We are heading into the time of year where the Church takes a closer look at the saints. So far, our lessons have focused on the Domestic Church and the Church around the world, but what about the Church in Heaven? In order to commemorate those who have gone before us, the Church celebrates All Saints day on November 1st and All Souls day on November 2nd. This lesson will focus on what these holidays mean and teach you everything you could ever want to know about the saints.
Introduction Video and Opening Prayer
What is a Saint?
What is a saint and why do we celebrate them? The simplest definition of a saint is “a person in Heaven.” This means there are many saints whose names we do not even know, and are presently known only to God. But what about the saints whose names we do know, saints like St. Monica, St. Faustina, and St. Junipero Serra? What makes them special? These men and women are people the Church has canonized, which means they have been officially declared to be in Heaven.
The Catechism of the Catholic Church tells us more about what it means to be a saint. The Catechism is a book that contains the official teachings of the Catholic Church. If you want really deepen your understanding of the faith, it is a must-have resource! There are even versions for children and teenagers.
Here is the the Catechism’s answer to the question, “Why does the Church formally declare some men and women to be saints?”
“By canonizing some of the faithful, i.e. by solemnly proclaiming that they practiced heroic virtue and lived in fidelity to God’s grace, the Church recognizes the power of the Spirit of holiness within her and sustains the hope of believers by proposing the saints to them as models and intercessors.” (CCC 828)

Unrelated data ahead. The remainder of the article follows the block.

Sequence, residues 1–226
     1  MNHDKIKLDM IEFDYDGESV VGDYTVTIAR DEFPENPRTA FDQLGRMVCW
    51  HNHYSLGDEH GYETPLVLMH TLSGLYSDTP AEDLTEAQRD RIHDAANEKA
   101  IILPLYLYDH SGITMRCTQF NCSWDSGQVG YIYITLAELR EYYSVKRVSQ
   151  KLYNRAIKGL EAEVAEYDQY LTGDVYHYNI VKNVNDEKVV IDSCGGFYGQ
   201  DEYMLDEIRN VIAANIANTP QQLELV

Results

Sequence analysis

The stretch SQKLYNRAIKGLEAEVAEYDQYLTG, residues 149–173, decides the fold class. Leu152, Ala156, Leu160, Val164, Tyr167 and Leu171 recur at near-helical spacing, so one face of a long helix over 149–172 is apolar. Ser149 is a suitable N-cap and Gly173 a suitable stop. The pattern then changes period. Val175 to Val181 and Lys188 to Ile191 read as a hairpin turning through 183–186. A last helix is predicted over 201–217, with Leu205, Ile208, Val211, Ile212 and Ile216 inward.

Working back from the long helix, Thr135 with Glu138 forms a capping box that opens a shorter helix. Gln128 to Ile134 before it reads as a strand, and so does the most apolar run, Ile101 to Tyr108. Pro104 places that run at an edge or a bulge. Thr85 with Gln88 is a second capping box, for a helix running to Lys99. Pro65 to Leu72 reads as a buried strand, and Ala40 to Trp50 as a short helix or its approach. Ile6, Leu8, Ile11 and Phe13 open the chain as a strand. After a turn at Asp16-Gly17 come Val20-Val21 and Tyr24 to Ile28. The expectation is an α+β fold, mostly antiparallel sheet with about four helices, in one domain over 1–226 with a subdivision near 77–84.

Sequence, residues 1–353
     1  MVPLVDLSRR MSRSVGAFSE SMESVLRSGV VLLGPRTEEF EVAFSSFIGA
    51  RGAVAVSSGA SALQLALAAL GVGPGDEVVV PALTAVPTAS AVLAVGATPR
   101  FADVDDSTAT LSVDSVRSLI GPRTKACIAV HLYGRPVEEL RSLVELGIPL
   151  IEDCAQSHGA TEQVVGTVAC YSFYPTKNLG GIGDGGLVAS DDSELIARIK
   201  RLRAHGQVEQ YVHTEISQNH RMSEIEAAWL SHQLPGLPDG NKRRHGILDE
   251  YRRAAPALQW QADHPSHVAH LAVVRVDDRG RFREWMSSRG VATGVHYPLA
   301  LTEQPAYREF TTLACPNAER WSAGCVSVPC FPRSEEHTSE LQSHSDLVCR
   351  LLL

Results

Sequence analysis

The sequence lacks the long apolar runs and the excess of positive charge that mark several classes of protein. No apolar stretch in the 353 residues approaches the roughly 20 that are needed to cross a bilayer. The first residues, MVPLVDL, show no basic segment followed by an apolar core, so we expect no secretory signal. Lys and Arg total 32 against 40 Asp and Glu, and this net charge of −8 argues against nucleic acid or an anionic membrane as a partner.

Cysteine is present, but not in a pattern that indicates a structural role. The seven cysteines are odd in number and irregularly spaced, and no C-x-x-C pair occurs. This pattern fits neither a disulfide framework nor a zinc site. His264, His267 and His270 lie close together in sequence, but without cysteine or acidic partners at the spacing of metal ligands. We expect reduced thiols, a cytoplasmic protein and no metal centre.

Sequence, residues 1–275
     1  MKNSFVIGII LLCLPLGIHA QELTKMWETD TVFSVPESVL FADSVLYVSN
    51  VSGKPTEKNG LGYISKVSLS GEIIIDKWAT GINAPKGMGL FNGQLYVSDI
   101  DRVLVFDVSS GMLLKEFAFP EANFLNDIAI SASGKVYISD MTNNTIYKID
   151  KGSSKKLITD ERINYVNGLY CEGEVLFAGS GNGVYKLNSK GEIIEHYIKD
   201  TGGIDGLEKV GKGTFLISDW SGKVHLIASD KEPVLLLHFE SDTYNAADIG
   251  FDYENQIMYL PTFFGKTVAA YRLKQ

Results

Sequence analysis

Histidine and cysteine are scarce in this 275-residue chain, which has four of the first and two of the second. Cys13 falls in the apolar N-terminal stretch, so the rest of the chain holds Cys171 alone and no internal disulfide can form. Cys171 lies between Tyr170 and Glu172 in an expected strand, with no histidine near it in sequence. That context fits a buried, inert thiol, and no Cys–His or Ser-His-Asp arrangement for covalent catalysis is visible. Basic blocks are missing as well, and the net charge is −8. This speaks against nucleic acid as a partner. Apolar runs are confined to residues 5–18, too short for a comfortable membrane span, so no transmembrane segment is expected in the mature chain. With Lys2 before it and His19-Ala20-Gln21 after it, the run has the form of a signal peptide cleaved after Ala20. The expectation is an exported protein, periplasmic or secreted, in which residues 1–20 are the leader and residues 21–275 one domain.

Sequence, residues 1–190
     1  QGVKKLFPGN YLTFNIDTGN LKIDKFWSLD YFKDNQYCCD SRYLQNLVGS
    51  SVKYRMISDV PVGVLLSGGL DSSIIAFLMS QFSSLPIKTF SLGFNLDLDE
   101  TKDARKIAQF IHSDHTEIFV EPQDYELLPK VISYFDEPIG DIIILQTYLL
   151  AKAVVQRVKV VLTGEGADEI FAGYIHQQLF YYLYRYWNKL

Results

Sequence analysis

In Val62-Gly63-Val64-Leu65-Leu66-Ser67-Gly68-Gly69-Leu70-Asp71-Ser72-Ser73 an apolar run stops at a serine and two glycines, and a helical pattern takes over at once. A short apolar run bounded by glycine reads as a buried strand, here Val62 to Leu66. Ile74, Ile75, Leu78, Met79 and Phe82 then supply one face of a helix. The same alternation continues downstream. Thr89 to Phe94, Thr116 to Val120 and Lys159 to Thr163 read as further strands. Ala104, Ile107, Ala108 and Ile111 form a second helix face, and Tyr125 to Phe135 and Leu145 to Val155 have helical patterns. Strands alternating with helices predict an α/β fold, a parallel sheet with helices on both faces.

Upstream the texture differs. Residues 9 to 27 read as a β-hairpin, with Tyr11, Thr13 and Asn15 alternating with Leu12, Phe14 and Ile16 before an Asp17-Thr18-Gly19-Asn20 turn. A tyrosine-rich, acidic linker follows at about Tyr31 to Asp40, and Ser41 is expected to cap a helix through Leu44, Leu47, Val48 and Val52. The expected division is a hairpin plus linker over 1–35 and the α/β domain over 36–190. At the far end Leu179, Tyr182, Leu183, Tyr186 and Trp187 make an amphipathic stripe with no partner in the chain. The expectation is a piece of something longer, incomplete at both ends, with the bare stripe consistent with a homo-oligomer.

This is a fancy way of saying that in order to show people it is possible to be holy, the Church points to holy men and women who have gone before us as examples for us to follow. The saints were faithful to God and served Him in very special ways.
How Do I Become a Saint?
Remember, everyone in Heaven is a saint. Therefore, we become saints when we get to Heaven.
Do you remember the video from the tutorial lesson? In it, you heard “Our destiny is really a destination – Heaven.” We are all called to become saints because God wants all of us to be with Him in Heaven. The whole Destined program is meant to help us learn how to live out our saintly destiny. The Church calls this shared destiny the “universal call to holiness.”1
We are all destined for Heaven, but we have to follow God’s plan for our lives to get there. Sometimes we do a good job following God’s plan and sometimes we need to ask for forgiveness when we fall short. Lucky for us, as we learned in our second lesson, God loves to show us mercy and help us get back on track!
God has a plan for every moment of our lives; there is something God has destined us for everyday. The saints are people who followed God’s plan for them in a special way. They were faithful to His plan for them everyday, and always asked for forgiveness any time they weren’t faithful. Over the course of their lives, people recognized the extraordinary ways the saints followed God’s plan.
This recognition of a person’s holiness is the beginning of the canonization process. There is something very attractive about holiness. When we see it in other people, we naturally want to be more like them. When a very holy person dies, people who knew them often hold them up as an example for others. If enough people find out about them, the Church may open their cause for sainthood. See the timeline below for a brief introduction to how the canonization process works.
Stage One: Examining the Candidate’s Life